The analysis of MXCI in the past 30 years shows that the regions with higher risk levels are mainly located in central and southern China, with the highest in south China, the southeastern coastal region and southern central China, followed by southwest China. Over the past 60 years, the MXCI has shown a decreasing trend in western China and most of southeastern China, and an increasing trend in the middle zone from southwest China to northeast China, with obvious increases in northern–central Yunnan, eastern and southern Sichuan Basin, southern Shaanxi, southern Shanxi, northern Hebei, and western Liaoning. High priority attention should be given to the trend of more types and frequency of extreme weather and climate events, as well as their impacts and risks on social and economic development.

Author Contributions

Conceptualization, C.Z., C.X. and S.L.; Data curation, C.Z., X.C. and Z.S.; Formal analysis, C.Z., Y.R. and S.Z.; Investigation, C.Z. and C.X.; Methodology, C.Z.; Resources, C.Z. and Y.R.; Software, C.Z., C.X., S.L., Y.R., X.C. and Z.S.; Validation, C.Z., C.X., S.L. and Z.S.; Visualization, C.Z. and S.Z.; Writing—original draft, C.Z., S.Z. and Z.S.; Writing—review and editing, C.Z., C.X., S.L., Y.R., S.Z. and X.C. All authors have read and agreed to the published version of the manuscript.

Funding

This research was funded by the National Key Research and Development Program of China (2020YFA0608203), China Three Gorges Corporation (No. 0704181) and The National Natural Science Foundation of China (No.52109024).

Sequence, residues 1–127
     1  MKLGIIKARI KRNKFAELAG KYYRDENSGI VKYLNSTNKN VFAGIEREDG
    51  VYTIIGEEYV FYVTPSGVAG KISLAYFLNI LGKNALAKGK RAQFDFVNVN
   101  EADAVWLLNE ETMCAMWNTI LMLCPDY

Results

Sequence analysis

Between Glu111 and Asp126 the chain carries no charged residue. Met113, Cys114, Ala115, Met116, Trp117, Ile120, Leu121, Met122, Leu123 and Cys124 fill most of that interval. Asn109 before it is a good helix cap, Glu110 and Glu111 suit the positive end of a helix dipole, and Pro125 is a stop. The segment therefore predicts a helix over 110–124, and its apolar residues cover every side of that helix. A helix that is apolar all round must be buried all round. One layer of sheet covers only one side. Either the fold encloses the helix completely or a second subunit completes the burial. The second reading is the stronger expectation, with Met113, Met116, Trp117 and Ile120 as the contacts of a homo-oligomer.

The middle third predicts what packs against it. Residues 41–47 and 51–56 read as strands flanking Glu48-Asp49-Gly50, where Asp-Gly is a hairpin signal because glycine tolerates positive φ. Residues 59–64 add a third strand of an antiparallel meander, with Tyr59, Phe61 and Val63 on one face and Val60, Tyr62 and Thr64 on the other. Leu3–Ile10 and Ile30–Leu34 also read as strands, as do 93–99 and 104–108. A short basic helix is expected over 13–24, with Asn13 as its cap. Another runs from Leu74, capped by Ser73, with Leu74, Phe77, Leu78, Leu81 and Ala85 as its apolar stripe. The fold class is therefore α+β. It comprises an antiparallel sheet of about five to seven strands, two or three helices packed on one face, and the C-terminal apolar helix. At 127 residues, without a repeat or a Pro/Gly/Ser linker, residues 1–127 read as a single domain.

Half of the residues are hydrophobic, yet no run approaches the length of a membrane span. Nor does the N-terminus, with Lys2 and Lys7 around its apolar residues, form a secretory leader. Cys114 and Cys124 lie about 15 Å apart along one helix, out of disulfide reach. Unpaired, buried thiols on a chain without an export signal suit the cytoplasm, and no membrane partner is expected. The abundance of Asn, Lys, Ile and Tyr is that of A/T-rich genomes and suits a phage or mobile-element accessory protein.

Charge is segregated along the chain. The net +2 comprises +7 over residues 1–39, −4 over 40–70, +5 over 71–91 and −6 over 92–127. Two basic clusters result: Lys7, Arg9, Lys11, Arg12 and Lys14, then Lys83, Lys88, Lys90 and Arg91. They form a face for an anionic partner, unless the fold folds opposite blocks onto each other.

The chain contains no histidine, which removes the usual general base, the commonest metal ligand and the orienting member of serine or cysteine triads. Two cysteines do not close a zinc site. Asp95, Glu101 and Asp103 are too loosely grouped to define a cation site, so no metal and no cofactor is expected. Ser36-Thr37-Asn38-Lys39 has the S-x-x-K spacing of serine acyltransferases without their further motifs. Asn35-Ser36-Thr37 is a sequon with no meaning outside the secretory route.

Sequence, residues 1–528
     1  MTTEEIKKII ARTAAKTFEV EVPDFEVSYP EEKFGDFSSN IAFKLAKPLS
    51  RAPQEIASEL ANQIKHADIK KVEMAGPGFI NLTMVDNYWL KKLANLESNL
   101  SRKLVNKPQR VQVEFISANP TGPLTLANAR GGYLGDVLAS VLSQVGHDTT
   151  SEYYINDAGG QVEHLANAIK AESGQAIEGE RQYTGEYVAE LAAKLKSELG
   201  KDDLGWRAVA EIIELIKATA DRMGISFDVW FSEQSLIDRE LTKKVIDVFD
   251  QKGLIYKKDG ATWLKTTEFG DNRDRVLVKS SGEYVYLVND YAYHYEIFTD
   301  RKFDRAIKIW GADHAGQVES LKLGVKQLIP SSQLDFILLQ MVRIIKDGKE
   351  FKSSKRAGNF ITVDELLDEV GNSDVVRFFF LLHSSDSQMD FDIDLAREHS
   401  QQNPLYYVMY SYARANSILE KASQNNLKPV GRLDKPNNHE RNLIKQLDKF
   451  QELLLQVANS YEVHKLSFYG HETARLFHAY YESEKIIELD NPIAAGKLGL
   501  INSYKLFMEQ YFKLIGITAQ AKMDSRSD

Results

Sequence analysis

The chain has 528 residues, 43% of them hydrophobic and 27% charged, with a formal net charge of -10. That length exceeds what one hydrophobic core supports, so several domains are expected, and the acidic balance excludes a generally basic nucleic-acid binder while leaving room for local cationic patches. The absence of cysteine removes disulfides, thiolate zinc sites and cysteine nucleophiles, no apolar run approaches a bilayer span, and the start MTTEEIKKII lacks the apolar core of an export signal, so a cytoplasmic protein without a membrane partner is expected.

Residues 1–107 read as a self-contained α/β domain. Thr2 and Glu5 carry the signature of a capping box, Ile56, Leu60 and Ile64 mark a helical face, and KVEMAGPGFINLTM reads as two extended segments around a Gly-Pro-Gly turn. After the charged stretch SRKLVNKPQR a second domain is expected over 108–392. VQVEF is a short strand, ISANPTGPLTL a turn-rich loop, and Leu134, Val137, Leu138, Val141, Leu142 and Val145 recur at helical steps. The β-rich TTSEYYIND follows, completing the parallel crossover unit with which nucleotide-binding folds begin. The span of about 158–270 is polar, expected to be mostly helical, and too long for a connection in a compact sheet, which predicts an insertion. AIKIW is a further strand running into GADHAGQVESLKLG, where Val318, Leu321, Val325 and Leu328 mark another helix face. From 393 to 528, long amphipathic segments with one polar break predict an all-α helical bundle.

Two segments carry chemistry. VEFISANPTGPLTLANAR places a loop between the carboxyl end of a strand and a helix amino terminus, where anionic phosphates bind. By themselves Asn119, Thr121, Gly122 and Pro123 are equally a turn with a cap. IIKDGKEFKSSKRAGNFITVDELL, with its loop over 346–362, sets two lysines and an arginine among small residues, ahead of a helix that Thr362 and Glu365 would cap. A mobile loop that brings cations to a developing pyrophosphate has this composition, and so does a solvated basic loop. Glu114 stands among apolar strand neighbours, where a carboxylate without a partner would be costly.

Data Availability Statement

The data analyzed in this study are subject to the following licenses/restrictions: The dataset can only be accessed from inside China Meteorological Administration. Requests to access these datasets should be directed to Cunjie Zhang, zhangcj@cma.gov.cn.

Acknowledgments

In the process of revising this paper, the authors have received strong guidance from Ren Guoyu of CMA National Climate Centre, and Ren Fumin of Chinese Academy of Meteorological Sciences. The authors are very grateful to the comments of distinguished editor-in-chief and peer reviewers to improve the quality of this article.

Conflicts of Interest

The authors declare no conflict of interest.

Abbreviations

6.1Ten-year average (10 a)
6.2Cumulative frequency (CF)
6.3Extreme high-temperature event (Eth)
6.4Extreme low-temperature event (Etl)
6.5Standardized Precipitation Index (SPI)
6.6Extreme drought event (Edr)
6.7Precipitation of 3 consecutive days (R3)
6.8Extreme precipitation event (Epr)
6.9Extreme typhoon event (Ety)
6.10Extreme daily typhoon precipitation event (Etp)
6.11Extreme daily typhoon maximum wind speed event (Etw)
6.12Risk for extreme high-temperature events (Rht)
6.13Risk for extreme low-temperature events (Rlt)
6.14Risk for extreme drought events (Rdr)
6.15Risk for extreme precipitation events (Rpr)
6.16Risk for extreme typhoon events (Rth)